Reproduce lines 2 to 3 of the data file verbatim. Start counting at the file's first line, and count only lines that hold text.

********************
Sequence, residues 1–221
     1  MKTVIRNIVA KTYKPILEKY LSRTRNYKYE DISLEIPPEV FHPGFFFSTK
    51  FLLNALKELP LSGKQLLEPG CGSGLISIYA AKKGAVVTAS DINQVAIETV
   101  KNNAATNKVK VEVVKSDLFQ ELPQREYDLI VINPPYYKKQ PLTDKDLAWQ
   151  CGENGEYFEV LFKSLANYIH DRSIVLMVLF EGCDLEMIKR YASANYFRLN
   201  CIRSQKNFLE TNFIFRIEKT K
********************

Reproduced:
     1  MKTVIRNIVA KTYKPILEKY LSRTRNYKYE DISLEIPPEV FHPGFFFSTK
    51  FLLNALKELP LSGKQLLEPG CGSGLISIYA AKKGAVVTAS DINQVAIETV